In distinction from the majority of ecclesiastical canons, the 15th canon of the First-and-Second Council gives an ecclesiological basis for the disciplinary norm put forward in it. One must separate from heretical bishops because from bishops they have become false bishops and false pastors. But such a simple (and, as we shall see, true) explanation immediately comes up against a contradiction. If the heretical bishops have ceased to be bishops, why does the canon forbid separating from them if their heresy is new, and not know before, and also if they do not preach it openly? It is better not to seek an answer by means of logical reasoning: we are talking about the search for God-inspired truth, which is revealed, not to the human mind, but to the pure knowledge of God of the holy fathers. We must ask for explanations from the holy fathers.

 

 

5.1.   The Teaching of St. Nicephorus and the Practice of St. Methodius

 

     And so what happens if a bishop betrays the Orthodox faith? The answer to this is usually simple enough: the bishop-heretic, like every heretic, dies for the Church and for eternal life, while a dead man can have no service among the living. But there are situations when such a reply is not sufficient, and it is precisely in connection with them that a corresponding ecclesiological teaching of the holy fathers was worked out in detail: these are the cases, first of all, when a bishop, after falling into heresy, returns to the Church through repentance. Is his priesthood then preserved?[x] Cases of bishops falling away were never rare, but on the other hand cases of their repentance were so unusual that the Church could permit herself to examine each case separately – in what rank they should be received back. But in the iconoclastic period everything was overturned: almost all the bishops of the Empire fell away and then returned with repentance. Here clear rules were required. The theological foundations for them had been expounded already by St. Nicephorus – but he himself was in exile at the time and could not use his patriarchal power. St. Theodore the Studite expounded the same ideas in his letters, and from this it is evident that there was no difference in their teaching on the Church and the priesthood between the two Orthodox “parties”. It fell to St. Methodius as the first Orthodox Patriarch after the overthrow of the heresy to carry out in practice St. Nicephorus’ blueprint. As for St. Photius and the fathers of the First-and-Second Council, they only formulated as a norm of ecclesiastical legislation one of the particular conclusions drawn from the teaching of the Church that had already been explicated long before that time.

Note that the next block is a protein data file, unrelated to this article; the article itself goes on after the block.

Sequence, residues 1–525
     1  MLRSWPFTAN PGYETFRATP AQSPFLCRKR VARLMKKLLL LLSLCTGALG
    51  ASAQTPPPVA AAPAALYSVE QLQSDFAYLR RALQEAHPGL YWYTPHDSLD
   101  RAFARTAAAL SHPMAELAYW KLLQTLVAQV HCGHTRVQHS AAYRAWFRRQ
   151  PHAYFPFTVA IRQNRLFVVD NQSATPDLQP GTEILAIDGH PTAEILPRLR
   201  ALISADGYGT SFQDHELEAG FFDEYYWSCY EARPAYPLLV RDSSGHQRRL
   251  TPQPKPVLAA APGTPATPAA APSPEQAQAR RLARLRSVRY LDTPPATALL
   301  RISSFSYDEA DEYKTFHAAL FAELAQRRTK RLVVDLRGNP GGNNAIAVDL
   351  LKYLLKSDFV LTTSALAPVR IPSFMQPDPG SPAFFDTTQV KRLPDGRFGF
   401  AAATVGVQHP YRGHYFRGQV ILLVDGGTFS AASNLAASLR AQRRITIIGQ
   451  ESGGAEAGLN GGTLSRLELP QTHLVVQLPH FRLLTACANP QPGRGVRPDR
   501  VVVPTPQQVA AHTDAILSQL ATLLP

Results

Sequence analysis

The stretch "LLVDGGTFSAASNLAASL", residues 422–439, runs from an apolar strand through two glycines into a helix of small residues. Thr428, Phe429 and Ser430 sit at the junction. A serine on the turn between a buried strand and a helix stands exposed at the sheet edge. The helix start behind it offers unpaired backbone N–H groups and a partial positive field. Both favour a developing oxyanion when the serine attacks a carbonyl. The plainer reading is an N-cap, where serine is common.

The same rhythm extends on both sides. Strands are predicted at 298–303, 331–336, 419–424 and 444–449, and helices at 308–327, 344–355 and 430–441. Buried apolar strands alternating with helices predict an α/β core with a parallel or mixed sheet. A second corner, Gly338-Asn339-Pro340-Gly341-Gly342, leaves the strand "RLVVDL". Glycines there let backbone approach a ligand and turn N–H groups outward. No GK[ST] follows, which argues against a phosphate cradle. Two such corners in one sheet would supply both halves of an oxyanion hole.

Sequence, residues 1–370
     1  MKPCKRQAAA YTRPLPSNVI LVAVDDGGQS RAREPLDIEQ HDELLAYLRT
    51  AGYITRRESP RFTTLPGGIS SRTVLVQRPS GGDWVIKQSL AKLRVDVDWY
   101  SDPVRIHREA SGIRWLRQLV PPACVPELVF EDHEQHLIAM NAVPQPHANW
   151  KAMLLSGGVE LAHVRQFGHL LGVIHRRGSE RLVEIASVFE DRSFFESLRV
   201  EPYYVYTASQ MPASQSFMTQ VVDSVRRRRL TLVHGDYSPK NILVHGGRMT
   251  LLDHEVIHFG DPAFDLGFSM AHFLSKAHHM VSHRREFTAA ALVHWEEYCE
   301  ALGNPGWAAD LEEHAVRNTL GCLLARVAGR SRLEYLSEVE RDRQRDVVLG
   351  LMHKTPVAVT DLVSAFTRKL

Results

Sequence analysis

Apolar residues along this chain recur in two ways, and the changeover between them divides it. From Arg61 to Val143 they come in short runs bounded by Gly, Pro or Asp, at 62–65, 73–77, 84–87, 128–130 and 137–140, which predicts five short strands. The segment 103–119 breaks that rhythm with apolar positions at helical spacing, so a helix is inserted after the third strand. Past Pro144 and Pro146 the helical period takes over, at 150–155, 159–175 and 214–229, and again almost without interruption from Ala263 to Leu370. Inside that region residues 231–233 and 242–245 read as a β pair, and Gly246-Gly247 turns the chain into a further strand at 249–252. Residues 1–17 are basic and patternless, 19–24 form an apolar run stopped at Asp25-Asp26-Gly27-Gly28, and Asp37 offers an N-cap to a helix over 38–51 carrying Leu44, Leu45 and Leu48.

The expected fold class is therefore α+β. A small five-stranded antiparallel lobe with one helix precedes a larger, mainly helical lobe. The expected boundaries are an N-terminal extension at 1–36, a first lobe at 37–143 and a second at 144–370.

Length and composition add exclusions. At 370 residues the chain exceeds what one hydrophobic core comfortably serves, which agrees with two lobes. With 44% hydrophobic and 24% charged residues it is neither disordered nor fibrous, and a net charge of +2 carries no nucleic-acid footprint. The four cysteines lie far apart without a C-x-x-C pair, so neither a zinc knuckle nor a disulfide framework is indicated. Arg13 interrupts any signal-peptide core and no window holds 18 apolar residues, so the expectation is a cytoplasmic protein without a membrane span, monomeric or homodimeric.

According to St. Nicephorus[xi], on accepting a heresy, a bishop is deprived of the priesthood – but this process is not automatic. Very much depends on such a bishop’s consciousness of his actions: is consciously violating his hierarchical confession of faith given before his consecration? This question can be reduced to a simpler one: is the bishop apostasising into a new heresy or into an old one, whose condemnation was formulated or implied in his confession of faith. If the heresy is new, then the bishop has some excuse for his sin, since he, at least, was not warned about it; consequently, he is not an oath-breaker. But if the heresy is already well-known, then the bishop who has fallen into it becomes an oath-breaker. On renouncing the faith in which he was consecrated, he was deprived of his consecration. Hence the distinction in principle between the penitent iconoclasts who were received into ecclesiastical communion in their existing rank at the 7th Ecumenical Council under the holy Patriarch Tarasius (787), and those iconoclasts who followed the iconoclastic council of 815. For the latter the path to the priesthood was closed even in the case of their repentance. St. Nicephorus could only warn about that. St. Methodius carried it out. He had to defrock almost the whole clergy of the Byzantine Empire, from the rank of deacon and above, but he did not stop at that. Not all the Orthodox resolved on such an extreme measure, but St. Methodius was blessed to undertake it by the most authoritative ascetics, such as St. Joannicius the Great, still earlier Patriarch Nicephorus had prejudged it, and, finally, it had been completely supported by the “akrivists”. It remained for the whole population of the Empire only to submit to the horrifying ruination of the Church that so sharply contrasted with the preceding well-organised –only, alas, not Orthodox – Church life. People remained without clergy, the authorities came up against social instability – but on the other hand within a few years the organisation of the Orthodox, and not some other, Church had been re-established.